Dr. Julian Lewis: To ask the Secretary of State for the Home Department with reference to the answer of 24 November 2008, Official Report, columns 1241-42W, on demonstrations: Parliament Square, when the Government's response to the Joint Committee on the draft Constitutional Renewal Bill's report, stated in the answer to be imminent, will be published. 
Mr. Coaker [holding answer 20 January 2009]: The Ministry of Justice is co-ordinating the Government's response to the report of the Joint Committee on the draft Constitutional Renewal Bill. We continue to give careful consideration to the recommendations on protests around Parliament which are set out in the Joint Committee's report and a full response will be published ahead of the Constitutional Renewal Bill's introduction to Parliament.
The Government are keen to give a substantial response to the Joint Committee but this has meant resolving all outstanding policy issues before the Bill is introduced. We recognise that there has been a long period since the publication of the report, but believe it is better to respond fully to the committee's recommendations on all aspects of the draft Bill. We intend to respond as early as possible in 2009.
Mrs. Curtis-Thomas: To ask the Secretary of State for the Home Department what proportion of the budget for her Department's drug control programme was spent on (a) enforcement and (b) treatment in each year since 2004.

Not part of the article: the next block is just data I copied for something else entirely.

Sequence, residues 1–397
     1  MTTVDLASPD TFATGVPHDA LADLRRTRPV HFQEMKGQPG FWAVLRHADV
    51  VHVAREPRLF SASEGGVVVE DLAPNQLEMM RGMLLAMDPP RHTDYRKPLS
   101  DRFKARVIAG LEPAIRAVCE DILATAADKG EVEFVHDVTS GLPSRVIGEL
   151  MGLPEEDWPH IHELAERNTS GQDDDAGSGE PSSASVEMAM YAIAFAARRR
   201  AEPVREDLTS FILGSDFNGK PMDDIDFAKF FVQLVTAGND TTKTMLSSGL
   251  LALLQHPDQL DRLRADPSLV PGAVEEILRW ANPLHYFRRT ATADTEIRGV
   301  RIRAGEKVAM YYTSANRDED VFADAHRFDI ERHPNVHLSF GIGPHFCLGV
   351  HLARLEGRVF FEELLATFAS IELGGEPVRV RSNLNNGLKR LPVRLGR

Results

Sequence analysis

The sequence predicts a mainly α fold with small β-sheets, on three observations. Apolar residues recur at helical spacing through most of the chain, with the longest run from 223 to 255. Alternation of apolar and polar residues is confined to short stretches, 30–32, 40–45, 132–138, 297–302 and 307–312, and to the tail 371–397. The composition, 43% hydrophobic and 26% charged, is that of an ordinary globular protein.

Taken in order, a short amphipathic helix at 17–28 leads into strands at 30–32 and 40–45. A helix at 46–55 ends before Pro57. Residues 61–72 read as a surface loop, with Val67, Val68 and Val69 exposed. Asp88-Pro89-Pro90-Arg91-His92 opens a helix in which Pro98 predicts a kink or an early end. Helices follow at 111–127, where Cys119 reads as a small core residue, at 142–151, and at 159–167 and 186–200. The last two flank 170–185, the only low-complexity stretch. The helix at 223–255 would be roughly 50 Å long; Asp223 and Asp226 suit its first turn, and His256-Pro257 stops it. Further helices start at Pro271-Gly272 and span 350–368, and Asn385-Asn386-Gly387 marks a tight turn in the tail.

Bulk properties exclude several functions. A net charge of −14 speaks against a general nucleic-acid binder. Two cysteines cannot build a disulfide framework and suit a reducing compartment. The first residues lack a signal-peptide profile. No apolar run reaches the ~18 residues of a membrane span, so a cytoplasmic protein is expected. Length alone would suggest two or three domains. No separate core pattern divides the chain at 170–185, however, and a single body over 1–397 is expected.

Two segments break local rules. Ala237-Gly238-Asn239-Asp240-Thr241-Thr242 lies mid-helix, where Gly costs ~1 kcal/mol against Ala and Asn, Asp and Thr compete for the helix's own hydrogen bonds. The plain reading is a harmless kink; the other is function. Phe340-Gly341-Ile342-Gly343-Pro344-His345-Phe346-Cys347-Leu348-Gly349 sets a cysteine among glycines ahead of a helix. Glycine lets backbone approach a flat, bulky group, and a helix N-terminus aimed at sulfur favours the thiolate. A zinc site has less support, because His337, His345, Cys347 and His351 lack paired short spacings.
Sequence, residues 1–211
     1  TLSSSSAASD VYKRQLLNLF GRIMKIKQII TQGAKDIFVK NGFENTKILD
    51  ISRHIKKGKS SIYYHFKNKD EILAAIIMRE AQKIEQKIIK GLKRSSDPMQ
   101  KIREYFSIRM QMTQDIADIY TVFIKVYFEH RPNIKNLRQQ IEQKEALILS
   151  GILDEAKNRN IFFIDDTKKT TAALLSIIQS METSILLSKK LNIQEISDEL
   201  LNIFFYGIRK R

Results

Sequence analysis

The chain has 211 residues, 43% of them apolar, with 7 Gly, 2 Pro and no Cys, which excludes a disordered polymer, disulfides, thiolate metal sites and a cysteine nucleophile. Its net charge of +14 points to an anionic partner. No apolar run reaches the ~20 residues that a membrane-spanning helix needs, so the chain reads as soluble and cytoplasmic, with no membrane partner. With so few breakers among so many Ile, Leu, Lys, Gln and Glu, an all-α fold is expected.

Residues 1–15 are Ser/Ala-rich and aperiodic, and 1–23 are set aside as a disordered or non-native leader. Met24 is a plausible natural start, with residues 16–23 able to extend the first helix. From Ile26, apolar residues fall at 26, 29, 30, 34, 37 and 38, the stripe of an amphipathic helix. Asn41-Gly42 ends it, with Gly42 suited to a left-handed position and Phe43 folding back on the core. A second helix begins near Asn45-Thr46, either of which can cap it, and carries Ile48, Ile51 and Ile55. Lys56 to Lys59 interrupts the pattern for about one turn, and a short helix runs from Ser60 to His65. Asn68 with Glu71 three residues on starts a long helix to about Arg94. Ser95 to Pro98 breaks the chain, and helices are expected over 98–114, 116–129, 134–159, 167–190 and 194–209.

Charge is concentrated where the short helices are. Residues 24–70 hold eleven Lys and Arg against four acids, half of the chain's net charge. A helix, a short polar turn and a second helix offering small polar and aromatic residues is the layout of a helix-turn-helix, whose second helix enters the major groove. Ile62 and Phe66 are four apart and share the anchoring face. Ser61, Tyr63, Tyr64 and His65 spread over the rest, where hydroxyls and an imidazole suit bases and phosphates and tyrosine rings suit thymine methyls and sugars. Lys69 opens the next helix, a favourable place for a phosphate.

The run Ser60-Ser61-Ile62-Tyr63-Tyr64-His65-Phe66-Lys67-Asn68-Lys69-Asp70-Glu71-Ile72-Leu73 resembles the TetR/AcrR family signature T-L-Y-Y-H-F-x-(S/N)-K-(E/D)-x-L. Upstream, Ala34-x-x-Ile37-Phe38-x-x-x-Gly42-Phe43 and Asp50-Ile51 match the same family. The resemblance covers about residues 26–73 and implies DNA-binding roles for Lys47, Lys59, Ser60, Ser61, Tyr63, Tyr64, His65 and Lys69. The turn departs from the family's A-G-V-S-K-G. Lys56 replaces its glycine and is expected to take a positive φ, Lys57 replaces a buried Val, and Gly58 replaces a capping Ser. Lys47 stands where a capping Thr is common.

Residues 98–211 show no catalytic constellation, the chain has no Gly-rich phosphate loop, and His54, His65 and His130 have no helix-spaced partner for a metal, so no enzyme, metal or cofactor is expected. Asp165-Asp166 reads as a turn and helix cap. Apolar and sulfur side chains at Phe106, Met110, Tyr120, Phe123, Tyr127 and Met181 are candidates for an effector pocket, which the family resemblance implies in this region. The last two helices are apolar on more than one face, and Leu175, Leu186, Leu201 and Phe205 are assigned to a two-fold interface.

Figures published in the Updated Drug Strategy 2002 show estimates of the labelled and non-labelled total expenditure on drugs, and on strands of the strategy, calculated on the basis of its four thematic aims. Elements of enforcement fall within two of these four aimssupply reduction and protecting communitiesalthough these aims will also include expenditure on items which do not relate to enforcement of the law. As it is not possible to disaggregate these figures, those which have been given for expenditure on enforcement from 2003-04 to 2005-06 will therefore exceed the real level of expenditure.
Figures for 2006-07, while not published, have been calculated on the same basis as those for 2003-04 to 2005-06. Figures for 2007-08 and 2008-09 are labelled expenditure only, as published in the drug strategy Drugs: protecting families and communities. These figures have been calculated on a departmental basis and, while expenditure on enforcement activity will fall broadly within the departmental expenditure of the Home Office, the figure will exceed the real level of expenditure on enforcement activity only. Similarly, the Department of Health will fund activity which would not fall within a rigid definition of treatment, nor is all expenditure on treatmentparticularly that for young peoplecovered by the Department of Health budget. These figures should therefore be treated as indicative.